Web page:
As AI and IoT become increasingly utilised throughout society, Industry 5.0 is expected to significantly revolutionise the way we work, says Marina Ruggieri, IEEE fellow and professor of telecommunications at the University of Rome Tor Vergata.
The pandemic has had a huge impact on human habits, certainties and passion for strategic planning. For more than a year, COVID-19 has become the undesired companion of our lives, invading us with variable figures and weak statistics on a daily basis, all while undergoing the unprecedented challenge of aligning our claim to be ‘modern.’ This perfect storm has become an unprecedented accelerator for credible digitalisation of society, with such urgency that it is making the transformation time-efficient, despite resistance to revolutionary changes.
The transition to a pervasively connected world is impacting all vertical sectors of society, including industry and the definition of “office” smart working, which has been continuously shaping since early 2020. We are starting to see the passage between Industry 4.0 and 5.0 happening, even though the 4.0 paradigm has not been fully understood or widely developed yet. The lack of a reassuring transition from one generation to the next one is similar to what might happen in the 5G to 6G transition. This is a result of the pandemic-driven digitalisation of society and, more specifically, its vertical sectors. These accelerated transitions can be characterised by one key word, which we can expect to get better acquainted with – pervasiveness. The Industry 5.0 paradigm will rely on the pervasiveness of three major pillars: connectivity, knowledge and intelligent sensing.
Connectivity at the core
Connectivity is a key element in improving digitalisation in almost every environment. A connectivity infrastructure can become pervasive when its performance and integration of diverse environments makes the coverage of users broad, reliable, and suitable to the application realm it is requested for.
The pervasive connectivity paradigm can be applied to fixed and mobile scenarios. Nonetheless, the most impressive passage from connectivity to pervasive connectivity can be appreciated with 5G in its evolution to 6G. 5G has started a new era in connectivity, characterised by a support-by-design approach to key verticals, such as society and industry, as well as key technological enablers, including artificial intelligence (AI) and internet of things (IoT). The consequent goal to solve societal issues of this decade and the next suggests an intrinsic mission for 5G and 6G in the sustainability domain. The sustainable approach of both 5G and 6G networks should, in turn, pour out on the vertical domains, including industry.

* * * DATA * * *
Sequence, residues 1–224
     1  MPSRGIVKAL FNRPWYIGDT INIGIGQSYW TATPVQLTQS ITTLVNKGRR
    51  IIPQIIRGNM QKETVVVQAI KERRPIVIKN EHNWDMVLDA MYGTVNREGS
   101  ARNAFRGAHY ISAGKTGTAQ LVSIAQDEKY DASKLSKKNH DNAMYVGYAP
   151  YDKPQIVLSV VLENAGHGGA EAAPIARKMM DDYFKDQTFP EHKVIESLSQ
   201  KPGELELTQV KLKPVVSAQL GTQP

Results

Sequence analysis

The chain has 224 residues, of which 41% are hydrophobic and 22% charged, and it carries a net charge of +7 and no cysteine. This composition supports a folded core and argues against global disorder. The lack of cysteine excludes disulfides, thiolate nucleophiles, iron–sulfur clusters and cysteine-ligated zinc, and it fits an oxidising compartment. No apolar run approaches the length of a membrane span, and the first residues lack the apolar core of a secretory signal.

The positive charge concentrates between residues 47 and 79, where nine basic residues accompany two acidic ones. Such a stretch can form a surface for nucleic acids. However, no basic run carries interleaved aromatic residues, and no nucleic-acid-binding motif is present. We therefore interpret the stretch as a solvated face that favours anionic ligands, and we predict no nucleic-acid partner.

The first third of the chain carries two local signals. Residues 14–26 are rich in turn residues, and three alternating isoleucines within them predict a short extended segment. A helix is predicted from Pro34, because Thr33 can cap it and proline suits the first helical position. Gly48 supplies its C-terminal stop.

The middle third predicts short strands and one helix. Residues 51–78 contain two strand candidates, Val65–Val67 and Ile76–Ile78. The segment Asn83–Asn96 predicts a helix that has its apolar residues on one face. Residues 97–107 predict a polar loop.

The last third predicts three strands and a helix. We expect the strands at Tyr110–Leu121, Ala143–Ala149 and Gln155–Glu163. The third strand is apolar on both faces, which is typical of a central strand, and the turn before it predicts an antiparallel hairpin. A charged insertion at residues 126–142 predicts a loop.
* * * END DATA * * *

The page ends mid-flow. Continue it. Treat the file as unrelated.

Pervasive connectivity will enable an effective cooperation between humans and AI-based robots, particularly in Industry 5.0. This paradigm is encouraging the relationship between humans and robots in cyber-physical domains, relying on advanced five-sense and hologram-based communications. Wearable and implantable devices are also possible means to effectively apply the pervasive connectivity to Industry 5.0 scenarios.
Knowledge is power
Vertical domains need suitable and trustable data to take the most advantage from pervasive connectivity. This concept applies, in particular, to Industry 5.0. The pervasive network performance allows us to focus on cloud-based data, which improves the flexibility and security of whole systems. Therefore, cloud is a key-asset in the deployment of Industry 5.0.
It is essential that data is intelligent enough to provide time and content-effective usage within the vertical realm. An effective approach for the knowledge extraction can be both distributed and energy-saving. Synergy between connectivity pervasiveness and intelligent data management promises high effectiveness and secure operations to the Industry 5.0 environment.
The Industry 5.0 paradigm envisages high-performance connectivity between humans and robots, with key objects of the surrounding and operational industrial environment enhancing the productivity, quality and security of the factory. A pervasive use of IoT, based on intelligent sensors that contributes to the generation, processing and exchange of knowledge, enhances the performance of both human and robot operators. Optimising their cooperation with the surrounding environment improves all activities within that environment. It is expected that IoT-based Industry 5.0 systems will improve sustainability by lowering power consumption and increasing network softwarisation.
As technologies, such as AI and IoT, become increasingly utilised throughout society, Industry 5.0 is expected to significantly revolutionise the way we work. Although working in close proximity with AI robots and smart machines may seem like an unfamiliar concept at the moment, there is no denying that Industry 5.0 will significantly enhance efficiency and transform the current working environment.
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